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  • Cats pass disease to wildlife, even in remote areas

    Nohra Mateus-Pinilla, left, a wildlife veterinary epidemiologist at the University of Illinois Prairie Research Institute, with graduate student Shannon Fredebaugh, led a study that found that cats spread disease to wildlife even in remote parts of a 1,500-acre natural area. Mateus-Pinilla is a researcher with the Illinois Natural History Survey, one of the surveys in the PRI.

    Nohra Mateus-Pinilla, left, a wildlife veterinary epidemiologist at the University of Illinois Prairie Research Institute, with graduate student Shannon Fredebaugh, led a study that found that cats spread disease to wildlife even in remote parts of a 1,500-acre natural area. Mateus-Pinilla is a researcher with the Illinois Natural History Survey, one of the surveys in the PRI.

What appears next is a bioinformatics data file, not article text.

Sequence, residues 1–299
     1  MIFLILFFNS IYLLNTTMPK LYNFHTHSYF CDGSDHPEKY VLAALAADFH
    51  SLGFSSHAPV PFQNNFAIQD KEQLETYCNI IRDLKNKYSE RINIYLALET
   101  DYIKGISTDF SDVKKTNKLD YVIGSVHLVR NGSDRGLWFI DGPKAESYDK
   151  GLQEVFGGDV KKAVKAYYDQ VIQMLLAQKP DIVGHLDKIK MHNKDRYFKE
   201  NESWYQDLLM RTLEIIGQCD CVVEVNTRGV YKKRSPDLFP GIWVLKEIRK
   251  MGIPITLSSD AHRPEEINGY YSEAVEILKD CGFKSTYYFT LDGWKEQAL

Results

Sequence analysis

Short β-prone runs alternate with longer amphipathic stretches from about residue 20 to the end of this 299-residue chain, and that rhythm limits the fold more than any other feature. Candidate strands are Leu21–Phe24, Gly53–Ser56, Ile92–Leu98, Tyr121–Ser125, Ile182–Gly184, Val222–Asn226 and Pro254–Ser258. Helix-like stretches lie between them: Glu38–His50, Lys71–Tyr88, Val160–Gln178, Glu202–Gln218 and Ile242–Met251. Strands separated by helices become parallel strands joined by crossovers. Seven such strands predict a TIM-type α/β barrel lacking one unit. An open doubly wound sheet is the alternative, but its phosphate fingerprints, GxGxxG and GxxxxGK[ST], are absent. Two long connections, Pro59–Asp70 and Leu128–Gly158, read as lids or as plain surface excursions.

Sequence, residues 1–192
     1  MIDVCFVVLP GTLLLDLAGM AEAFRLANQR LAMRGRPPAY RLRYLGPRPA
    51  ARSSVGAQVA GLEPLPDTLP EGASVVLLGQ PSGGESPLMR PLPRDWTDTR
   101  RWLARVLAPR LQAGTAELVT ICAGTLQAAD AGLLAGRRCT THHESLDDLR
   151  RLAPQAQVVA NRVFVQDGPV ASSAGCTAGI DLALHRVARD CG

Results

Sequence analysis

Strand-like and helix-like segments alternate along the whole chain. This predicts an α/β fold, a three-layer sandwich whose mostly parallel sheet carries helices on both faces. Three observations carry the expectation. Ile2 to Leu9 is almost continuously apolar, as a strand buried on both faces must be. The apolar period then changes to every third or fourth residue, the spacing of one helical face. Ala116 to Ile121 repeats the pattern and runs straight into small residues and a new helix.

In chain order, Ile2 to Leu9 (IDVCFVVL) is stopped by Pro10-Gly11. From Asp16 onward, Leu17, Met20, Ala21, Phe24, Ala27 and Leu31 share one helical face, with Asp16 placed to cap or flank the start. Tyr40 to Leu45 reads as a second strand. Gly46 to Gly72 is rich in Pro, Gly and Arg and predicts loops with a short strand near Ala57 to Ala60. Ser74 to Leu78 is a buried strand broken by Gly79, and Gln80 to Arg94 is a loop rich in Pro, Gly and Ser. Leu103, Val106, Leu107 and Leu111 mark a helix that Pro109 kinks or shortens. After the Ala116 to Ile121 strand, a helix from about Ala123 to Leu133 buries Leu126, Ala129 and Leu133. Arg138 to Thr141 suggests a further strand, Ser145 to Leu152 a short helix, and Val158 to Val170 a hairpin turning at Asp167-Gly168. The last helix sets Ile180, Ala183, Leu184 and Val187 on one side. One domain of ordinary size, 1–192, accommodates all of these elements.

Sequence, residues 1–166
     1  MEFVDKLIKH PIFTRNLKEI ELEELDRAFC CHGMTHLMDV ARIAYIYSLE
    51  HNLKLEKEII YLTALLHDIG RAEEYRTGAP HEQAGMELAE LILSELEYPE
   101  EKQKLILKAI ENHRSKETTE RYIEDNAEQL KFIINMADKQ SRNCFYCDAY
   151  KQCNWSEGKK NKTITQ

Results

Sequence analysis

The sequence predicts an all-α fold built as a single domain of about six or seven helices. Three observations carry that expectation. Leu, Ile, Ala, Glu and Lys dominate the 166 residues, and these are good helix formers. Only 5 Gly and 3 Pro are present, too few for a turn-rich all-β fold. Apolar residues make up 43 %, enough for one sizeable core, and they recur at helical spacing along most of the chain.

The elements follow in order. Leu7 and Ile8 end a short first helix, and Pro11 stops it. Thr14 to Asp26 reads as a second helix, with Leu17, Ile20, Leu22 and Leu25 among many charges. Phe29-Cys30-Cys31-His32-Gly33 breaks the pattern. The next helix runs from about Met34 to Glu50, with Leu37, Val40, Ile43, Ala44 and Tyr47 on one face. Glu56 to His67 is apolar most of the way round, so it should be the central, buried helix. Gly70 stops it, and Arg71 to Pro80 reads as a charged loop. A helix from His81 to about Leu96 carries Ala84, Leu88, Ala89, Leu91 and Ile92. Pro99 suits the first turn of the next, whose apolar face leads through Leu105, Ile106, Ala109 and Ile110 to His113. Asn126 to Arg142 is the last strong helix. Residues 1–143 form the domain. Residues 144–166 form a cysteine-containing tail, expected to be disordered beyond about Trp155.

Photo by L. Brian Stauffer

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      Nohra Mateus-Pinilla, left, a wildlife veterinary epidemiologist at the University of Illinois Prairie Research Institute, with graduate student Shannon Fredebaugh, led a study that found that cats spread disease to wildlife even in remote parts of a 1,500-acre natural area. Mateus-Pinilla is a researcher with the Illinois Natural History Survey, one of the surveys in the PRI.

      Photo by L. Brian Stauffer

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      Watch a slide show about the study, which found that animals that inhabit relatively small territories, such as this white-footed mouse, are good sentinels of disease in a natural area.

      Photo courtesy Illinois Natural History Survey

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